Annotate this Case

342 N.W.2d 824 (1983)


No. 69638.

Supreme Court of Iowa.

December 21, 1983.

*825 Jack W. Rogers of Putnam, Putnam & Rogers, Des Moines, for appellant.

Neil A. Barrick, Robert E. Conley, P.C., Des Moines, for appellee.


SCHULTZ, Justice.

The Civil Service Commission of the city of West Des Moines, Iowa, (Commission) appeals from a district court judgment reversing the Commission's decision to terminate the employment of David Sieg, a West Des Moines policeman. After a trial de novo, pursuant to Iowa Code section 400.27, the district court ordered Sieg reinstated as a police officer with full seniority rights, back pay, and fringe benefits. Although the trial court determined that Sieg was guilty of misconduct, it concluded that termination was too harsh since Sieg's actions were not such a substantial shortcoming that his continued employment as a police officer would impair the discipline and efficiency of the police department. Because we disagree with these conclusions, we reverse.

The present controversy was precipitated by a previous one-day suspension received by Sieg in November of 1981. Sieg, who had been employed three years as a patrolman, was on duty with a senior patrolman, Ronald Woods. The event that led to the suspension occurred when Sieg drove his patrol car away from a gas pump while the hose was still connected to the car. As a result, the hose was torn away from the pump and the car was slightly damaged. Because of this incident, Woods recommended that Sieg be suspended for one day.

After the suspension, Sieg apparently made it obvious that he was displeased with Woods. When his sergeant learned of the animosity, he warned Sieg not to take matters into his own hands and advised him to pursue proper avenues if he felt he had been wronged by the suspension. The sergeant testified that during this conversation, Sieg referred to Woods "as a little s.o.b. or words to that effect" and that after the warning, Sieg responded "you gotta do what you gotta do."

Shortly after the talk with his sergeant, Sieg, in the presence of another officer, confronted Woods in the locker room of the police station prior to going on duty. In particular, he demanded an explanation from Woods concerning his recommendation to suspend Sieg for the gas pump incident. Woods indicated that it was an asinine stunt. Sieg then let loose a torrent of profane and sexual epithets. While we do not feel a need to repeat verbatim this derogatory gutter language, essentially, Sieg referred to Woods in the most base and demeaning terms and impliedly threatened to get even with him for recommending Sieg's suspension. Woods testified that he construed these comments as disrespectful, discourteous, and a threat.

Woods reported the locker room incident to his superior, a sergeant. Following an *826 investigation, the sergeant concluded that Sieg failed to utilize the prescribed procedure for appealing his one-day suspension, threatened Woods and violated police regulations. The sergeant and a police lieutenant subsequently recommended to the police chief that Sieg be given a 30-day suspension and placed on probation for one year. After complying with the required procedures, this recommendation was put into effect.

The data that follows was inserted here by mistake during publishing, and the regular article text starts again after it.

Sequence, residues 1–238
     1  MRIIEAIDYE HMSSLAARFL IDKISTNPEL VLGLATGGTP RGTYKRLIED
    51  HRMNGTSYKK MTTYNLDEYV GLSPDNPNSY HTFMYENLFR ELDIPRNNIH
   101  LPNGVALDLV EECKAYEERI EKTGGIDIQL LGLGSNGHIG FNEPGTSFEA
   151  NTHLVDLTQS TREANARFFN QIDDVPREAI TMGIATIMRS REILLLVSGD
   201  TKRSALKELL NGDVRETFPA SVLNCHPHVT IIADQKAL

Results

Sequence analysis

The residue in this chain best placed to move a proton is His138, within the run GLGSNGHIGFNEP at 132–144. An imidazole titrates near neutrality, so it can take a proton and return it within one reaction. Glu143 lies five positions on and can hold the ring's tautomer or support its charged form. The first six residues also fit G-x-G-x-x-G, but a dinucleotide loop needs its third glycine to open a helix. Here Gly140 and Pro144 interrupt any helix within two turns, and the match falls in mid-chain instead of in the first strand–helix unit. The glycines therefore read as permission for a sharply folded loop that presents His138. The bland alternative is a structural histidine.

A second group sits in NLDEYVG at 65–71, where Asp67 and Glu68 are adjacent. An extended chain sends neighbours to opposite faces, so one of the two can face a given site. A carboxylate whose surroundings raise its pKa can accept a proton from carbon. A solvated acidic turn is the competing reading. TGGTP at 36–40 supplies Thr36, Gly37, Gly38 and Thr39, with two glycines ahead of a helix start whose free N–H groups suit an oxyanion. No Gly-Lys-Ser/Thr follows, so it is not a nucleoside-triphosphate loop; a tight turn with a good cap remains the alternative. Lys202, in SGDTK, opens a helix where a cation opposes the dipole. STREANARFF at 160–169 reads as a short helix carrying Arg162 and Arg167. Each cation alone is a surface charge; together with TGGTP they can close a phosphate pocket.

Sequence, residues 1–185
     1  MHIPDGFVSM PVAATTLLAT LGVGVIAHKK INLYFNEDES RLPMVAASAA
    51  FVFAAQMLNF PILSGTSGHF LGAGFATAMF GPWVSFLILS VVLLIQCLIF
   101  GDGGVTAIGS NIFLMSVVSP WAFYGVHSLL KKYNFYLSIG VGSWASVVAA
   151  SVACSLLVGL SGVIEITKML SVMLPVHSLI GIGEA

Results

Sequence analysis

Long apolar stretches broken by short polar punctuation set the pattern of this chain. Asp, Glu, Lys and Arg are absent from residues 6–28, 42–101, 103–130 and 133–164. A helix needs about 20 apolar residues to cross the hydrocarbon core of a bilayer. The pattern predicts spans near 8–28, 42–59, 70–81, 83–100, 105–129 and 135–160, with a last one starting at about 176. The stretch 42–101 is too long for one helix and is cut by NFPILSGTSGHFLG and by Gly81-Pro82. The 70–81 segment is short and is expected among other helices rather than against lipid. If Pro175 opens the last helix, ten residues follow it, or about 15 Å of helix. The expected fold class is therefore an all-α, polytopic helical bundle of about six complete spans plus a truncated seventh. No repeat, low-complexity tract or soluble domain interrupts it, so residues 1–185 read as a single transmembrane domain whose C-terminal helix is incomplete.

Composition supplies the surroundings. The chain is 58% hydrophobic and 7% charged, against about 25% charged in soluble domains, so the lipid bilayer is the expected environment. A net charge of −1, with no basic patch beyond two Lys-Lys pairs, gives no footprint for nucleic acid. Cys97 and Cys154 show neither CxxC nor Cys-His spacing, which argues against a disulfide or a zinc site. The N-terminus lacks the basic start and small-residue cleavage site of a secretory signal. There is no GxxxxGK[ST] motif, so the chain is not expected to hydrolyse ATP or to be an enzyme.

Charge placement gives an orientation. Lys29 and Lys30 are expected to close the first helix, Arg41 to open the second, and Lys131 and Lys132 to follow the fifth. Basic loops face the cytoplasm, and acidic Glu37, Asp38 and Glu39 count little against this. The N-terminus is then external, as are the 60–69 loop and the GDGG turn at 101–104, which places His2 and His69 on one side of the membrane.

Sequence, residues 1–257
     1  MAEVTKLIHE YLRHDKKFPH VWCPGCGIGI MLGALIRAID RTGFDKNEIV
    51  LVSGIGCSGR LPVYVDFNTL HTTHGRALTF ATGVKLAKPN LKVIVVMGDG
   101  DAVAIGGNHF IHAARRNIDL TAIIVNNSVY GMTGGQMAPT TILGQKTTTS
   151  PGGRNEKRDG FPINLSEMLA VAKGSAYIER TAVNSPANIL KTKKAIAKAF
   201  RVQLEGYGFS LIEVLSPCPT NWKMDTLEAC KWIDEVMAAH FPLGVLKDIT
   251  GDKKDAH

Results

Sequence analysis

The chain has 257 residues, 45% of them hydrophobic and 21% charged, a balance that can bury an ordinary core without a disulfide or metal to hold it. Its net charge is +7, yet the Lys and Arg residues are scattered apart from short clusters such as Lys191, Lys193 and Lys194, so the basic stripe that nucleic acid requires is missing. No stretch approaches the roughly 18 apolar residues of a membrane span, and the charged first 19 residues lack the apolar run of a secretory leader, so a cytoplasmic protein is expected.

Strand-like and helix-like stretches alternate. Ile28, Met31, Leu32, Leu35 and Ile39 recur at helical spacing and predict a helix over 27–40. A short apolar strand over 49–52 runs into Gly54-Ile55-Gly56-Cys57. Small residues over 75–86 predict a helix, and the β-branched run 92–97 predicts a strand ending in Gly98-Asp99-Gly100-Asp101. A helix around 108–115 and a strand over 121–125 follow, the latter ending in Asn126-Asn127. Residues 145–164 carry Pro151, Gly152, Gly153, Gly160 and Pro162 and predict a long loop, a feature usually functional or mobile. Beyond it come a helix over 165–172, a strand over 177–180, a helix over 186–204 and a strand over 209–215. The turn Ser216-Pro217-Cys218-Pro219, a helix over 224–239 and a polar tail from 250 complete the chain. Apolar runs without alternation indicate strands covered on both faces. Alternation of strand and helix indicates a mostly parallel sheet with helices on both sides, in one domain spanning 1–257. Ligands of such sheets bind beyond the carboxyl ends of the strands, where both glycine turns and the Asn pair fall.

When the lieutenant informed Sieg of his suspension, Sieg replied, "What? ... I can't believe it! I don't have any respect for the chief or the lieutenants, including you." The lieutenant asked him to leave the office, and Sieg expressed his irritation noting that "this will be in the paper." He then made remarks to another officer who was standing nearby and threw the suspension letter at him and stated, "Read this,... this is a circus around here."

Sieg appealed his suspension to the Commission. After an evidentiary hearing, the Commission concluded:

The coarse, profane, indecent and insolent language used by Officer David Sieg and directed to Officer Douglas Woods, acting supervisor, while in the locker room of the Public Safety Building constituted disrespect and discourtesy to a superior officer, and insubordination. Officer David Sieg's actions constituted misconduct and disobedience within the meaning of Chapter 400.18 of the Code of Iowa. Insolence, disobedience, misconduct, insubordination, and disrespect and discourtesy to superior officers, cannot and should not be tolerated within the Police Department of the City of West Des Moines.

In view of these findings, the Commission modified the department's decision to suspend Sieg and instead ordered his termination.

Sieg next appealed to the district court and asked that the Commission's decision be reversed, that he be reinstated with full compensation for the period of his suspension and removal, and that he be granted other equitable relief. In his petition he claimed that the Commission's decision was arbitrary, capricious, and not supported by substantial evidence, and that it violated his right of free speech as guaranteed by the Constitution of the United States. After a trial de novo, the district court agreed that Sieg's actions constituted misconduct, but it overruled the Commission's decision to terminate him.

The final ruling or decision of the Civil Service Commission is appealable to the district court. Iowa Code § 400.27. When appealed, the matter is heard de novo by the district court as an action in equity. Id. Our review of the district court's ruling is de novo and though we give weight to the trial court's findings of fact, we are not bound by them. Millsap v. Cedar Rapids Civil Service Commission, 249 N.W.2d 679, 684 (Iowa 1977).